This page is a resource to FEMA, NFPA, and American Red Cross documents dedicated to answering common questions that the Fire Department receives from the public on a regular basis regarding preparation in the event of a natural or manmade disaster.. If you have a question that cannot be answered here or elsewhere in the website, please feel free to e-mail the Chief or a Deputy Chief or call the Fire Department with your question.
· Being prepared can reduce fear, anxiety, and losses that accompany disasters. Communities, families, and individuals should know what to do in the event of a fire and where to seek shelter during a tornado. They should be ready to evacuate their homes and take refuge in public shelters and know how to care for their basic medical needs.
· People also can reduce the impact of disasters (flood proofing, elevating a home or moving a home out of harm’s way, and securing items that could shake loose in an earthquake) and sometimes avoid the danger completely.
· Disasters disrupt hundreds of thousands of lives every year. Each disaster has lasting effects, both to people and property.
· If a disaster occurs in your community, local government and disaster-relief organizations will try to help you, but you need to be ready as well. Local responders may not be able to reach you immediately, or they may need to focus their efforts elsewhere.
· You should know how to respond to severe weather or any disaster that could occur in your area—hurricanes, earthquakes, extreme cold, flooding, or terrorism.
· You should also be ready to be self-sufficient for at least three days. This may mean providing for your own shelter, first aid, food, water, and sanitation.
Basic Disaster Supplies Kit
The following items are recommended for inclusion in your basic disaster supplies kit:
• Three-day supply of non-perishable food.
• Three-day supply of water – one gallon of water per person, per day.
• Portable, battery-powered radio or television and extra batteries.
• Flashlight and extra batteries.
• First aid kit and manual.
• Sanitation and hygiene items (moist towelettes and toilet paper).
• Matches and waterproof container.
• Extra clothing.
• Kitchen accessories and cooking utensils, including a can opener.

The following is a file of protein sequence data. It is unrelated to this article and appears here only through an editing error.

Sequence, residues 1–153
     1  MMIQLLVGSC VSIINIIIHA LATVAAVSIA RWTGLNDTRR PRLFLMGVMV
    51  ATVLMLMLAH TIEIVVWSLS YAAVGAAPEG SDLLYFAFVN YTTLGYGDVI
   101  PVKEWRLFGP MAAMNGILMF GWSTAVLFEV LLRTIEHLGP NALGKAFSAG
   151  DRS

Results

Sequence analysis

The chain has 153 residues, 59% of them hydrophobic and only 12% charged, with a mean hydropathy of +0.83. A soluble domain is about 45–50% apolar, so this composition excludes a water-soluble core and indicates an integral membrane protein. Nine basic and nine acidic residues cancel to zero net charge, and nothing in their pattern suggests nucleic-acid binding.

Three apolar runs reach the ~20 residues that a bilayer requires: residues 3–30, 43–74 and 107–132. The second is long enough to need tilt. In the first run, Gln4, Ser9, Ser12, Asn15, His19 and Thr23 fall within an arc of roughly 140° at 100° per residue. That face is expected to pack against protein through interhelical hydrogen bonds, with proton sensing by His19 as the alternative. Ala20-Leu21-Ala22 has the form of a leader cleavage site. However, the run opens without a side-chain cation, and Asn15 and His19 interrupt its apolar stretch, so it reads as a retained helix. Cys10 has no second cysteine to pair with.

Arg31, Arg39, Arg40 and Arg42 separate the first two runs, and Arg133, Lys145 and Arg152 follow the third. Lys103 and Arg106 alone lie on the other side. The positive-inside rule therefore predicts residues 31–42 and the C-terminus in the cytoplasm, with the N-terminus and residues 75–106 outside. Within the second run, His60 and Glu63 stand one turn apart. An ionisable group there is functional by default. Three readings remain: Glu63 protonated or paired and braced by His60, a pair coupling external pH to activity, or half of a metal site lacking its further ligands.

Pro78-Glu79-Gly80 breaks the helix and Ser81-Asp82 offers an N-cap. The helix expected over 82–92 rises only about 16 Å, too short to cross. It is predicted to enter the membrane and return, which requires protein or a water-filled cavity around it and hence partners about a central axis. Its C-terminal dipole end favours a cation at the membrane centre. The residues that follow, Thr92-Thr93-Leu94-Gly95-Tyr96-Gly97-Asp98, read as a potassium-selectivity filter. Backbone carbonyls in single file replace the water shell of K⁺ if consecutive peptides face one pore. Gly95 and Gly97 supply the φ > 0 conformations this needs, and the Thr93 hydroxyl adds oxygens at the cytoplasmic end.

• Photocopies of credit and identification cards.
• Cash and coins.
• Special needs items, such as prescription medications, eye glasses, contact lens solutions, and hearing aid batteries.
• Items for infants, such as formula, diapers, bottles, and pacifiers.
• Other items to meet your unique family needs.
If you live in a cold climate, you must think about warmth. It is possible that you will not have heat. Think about your clothing and bedding supplies. Be sure to include one complete change of clothing and shoes per person, including:
• Jacket or coat.
• Long pants.
• Long sleeve shirt.
• Sturdy shoes.
• Hat, mittens, and scarf.
• Sleeping bag or warm blanket (per person).
Preparing for a Disaster (FEMA and Red Cross) PDF document
Are You Ready? Booklet from the Federal Emergency Management Agency (FEMA)
Helping Children Cope with Disaster (FEMA and Red Cross) PDF document
Disaster Preparation Supply Checklist
Family Communication Plan
Wood County Influenza Pandemic Plan PDF document
Important Links for more Information:
Be Ready Campaign
Centers for Disease Control and Prevention
Department of Commerce
Department of Health and Human Services
Department of Homeland Security
Department of Justice
Environmental Protection Agency
Federal Emergency Management Agency
National Weather Service
The White House
U.S. Fire Administration
U.S. Fire Administration Kids Page
U.S. Postal Service
American Red Cross
Institute for Business and Home Safety
National Fire Protection Association
National Mass Fatalities Institute
National Safety Compliance